Bong Jun-Ho who directed the film Mother directs his first American feature Snowpiercer which stars Chris Evans, Jamie Bell, Tilda Swinton, Octavia Spencer, Allison Pill and Ed Harris. The plot concerns the idea that the world tried to stop global warming and it froze the earth. Because of that incident the remaining survivors board an industrial designer’s high speed train that is built to support human life for decades. The train is broken down into a social class structure. The poorest people are in the back of the train while the rich lead leisurely lives in the front of the train. Essentially the lead character Curtis, played by Chris Evans stages a break out to get the passengers who have lived in the back up to the front.
Chris Evans plays Curtis with a certain level of brokenness. This level of vulnerability from Evans is something I never expected to see. He seems haunted by past decisions and that gives his character mystery and makes him compelling. Jamie Bell has a small part in the film as Curtis’s best friend but never gets much to do. Octavia Spencer spends most of her screen time emoting about the fact that the rich people at the front of the car took her child. While Spencer’s performance did move me it was also incredibly one note. The characters are not the most interesting part of this film.
The aesthetic of the film really make the film a visual feast. The production design of Snowpiercer is top notch and makes you feel like you’re in a dystopian future despite every scene taking place on a section of a train. I feel that the production design is akin to the set design in Charlie and the Chocolate Factory in that each section takes you to a new immersive environment. The scene that spoke the most to me actually involved one of the poor people being punished by having their arm forcibly held outside of the train car for 7 minutes because he rebelled against the rich. The CG or practical effects of the man losing his arm still make me cringe with disgust and pain.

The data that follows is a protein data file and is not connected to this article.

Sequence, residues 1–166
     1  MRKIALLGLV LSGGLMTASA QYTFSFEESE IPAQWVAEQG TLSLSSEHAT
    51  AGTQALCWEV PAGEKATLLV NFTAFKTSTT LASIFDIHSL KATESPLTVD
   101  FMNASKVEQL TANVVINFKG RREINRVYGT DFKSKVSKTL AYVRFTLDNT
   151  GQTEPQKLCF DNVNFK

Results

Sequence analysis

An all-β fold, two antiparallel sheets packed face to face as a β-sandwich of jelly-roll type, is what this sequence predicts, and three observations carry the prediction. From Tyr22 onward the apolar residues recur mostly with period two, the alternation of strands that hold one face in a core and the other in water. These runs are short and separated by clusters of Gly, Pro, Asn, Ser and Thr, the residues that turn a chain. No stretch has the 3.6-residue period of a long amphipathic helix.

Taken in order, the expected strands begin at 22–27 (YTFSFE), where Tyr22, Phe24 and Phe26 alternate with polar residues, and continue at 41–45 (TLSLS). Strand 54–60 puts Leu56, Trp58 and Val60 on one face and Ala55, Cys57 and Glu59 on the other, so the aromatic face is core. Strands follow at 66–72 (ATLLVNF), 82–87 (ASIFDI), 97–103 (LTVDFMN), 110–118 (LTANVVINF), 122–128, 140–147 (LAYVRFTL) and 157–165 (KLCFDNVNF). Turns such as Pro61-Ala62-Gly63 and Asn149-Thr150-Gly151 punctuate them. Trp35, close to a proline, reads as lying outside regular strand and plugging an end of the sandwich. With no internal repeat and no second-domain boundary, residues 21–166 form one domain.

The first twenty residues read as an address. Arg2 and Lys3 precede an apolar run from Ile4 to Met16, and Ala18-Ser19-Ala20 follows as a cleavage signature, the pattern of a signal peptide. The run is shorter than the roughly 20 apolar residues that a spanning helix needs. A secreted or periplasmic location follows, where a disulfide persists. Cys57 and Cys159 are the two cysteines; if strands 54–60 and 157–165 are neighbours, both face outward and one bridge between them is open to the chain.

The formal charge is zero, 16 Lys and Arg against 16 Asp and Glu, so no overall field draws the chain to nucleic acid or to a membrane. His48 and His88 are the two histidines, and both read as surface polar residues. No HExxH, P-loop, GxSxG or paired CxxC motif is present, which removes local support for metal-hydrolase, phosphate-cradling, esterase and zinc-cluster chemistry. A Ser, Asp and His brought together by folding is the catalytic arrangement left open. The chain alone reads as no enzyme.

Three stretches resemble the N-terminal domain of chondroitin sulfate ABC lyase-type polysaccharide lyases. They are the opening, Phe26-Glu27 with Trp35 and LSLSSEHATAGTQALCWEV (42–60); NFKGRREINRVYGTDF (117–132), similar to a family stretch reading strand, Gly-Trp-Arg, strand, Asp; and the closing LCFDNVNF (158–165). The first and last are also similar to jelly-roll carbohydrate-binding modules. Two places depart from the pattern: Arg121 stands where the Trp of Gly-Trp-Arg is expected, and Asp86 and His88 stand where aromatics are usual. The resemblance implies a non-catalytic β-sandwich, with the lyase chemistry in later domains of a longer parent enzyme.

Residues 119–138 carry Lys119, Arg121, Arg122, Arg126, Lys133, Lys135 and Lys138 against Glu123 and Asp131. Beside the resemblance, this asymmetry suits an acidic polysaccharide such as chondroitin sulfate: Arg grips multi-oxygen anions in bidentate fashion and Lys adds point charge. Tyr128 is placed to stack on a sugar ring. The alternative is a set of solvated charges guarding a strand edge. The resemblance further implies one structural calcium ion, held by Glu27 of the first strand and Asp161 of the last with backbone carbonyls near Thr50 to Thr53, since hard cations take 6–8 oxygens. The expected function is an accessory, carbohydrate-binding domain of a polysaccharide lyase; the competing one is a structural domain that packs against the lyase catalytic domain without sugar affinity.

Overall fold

The real issue with this film has to do with the character of Wilford played by Ed Harris. Wilford is neither heard nor seen until the end of the movie. This idea is very reminiscent of The Wizard of Oz except this film has its characters meet such a bland antagonist. Wilford only exists to keep the population of the train balanced and the engine running. Wilford is essentially praised as God because he saved the majority of the Earth’s population but the character just doesn’t work as a strong villain.
The conclusion of the film sheds some light on Curtis’s past but does little else to reveal what should happen to the people on the train. It’s worth your time for Evans’s performance and the incredibly well realized set design but it does very little to illuminate the issues with people being divided by class. As a directorial effort Jun Ho should have strengthened the story more to suit his directing style. Better luck next time.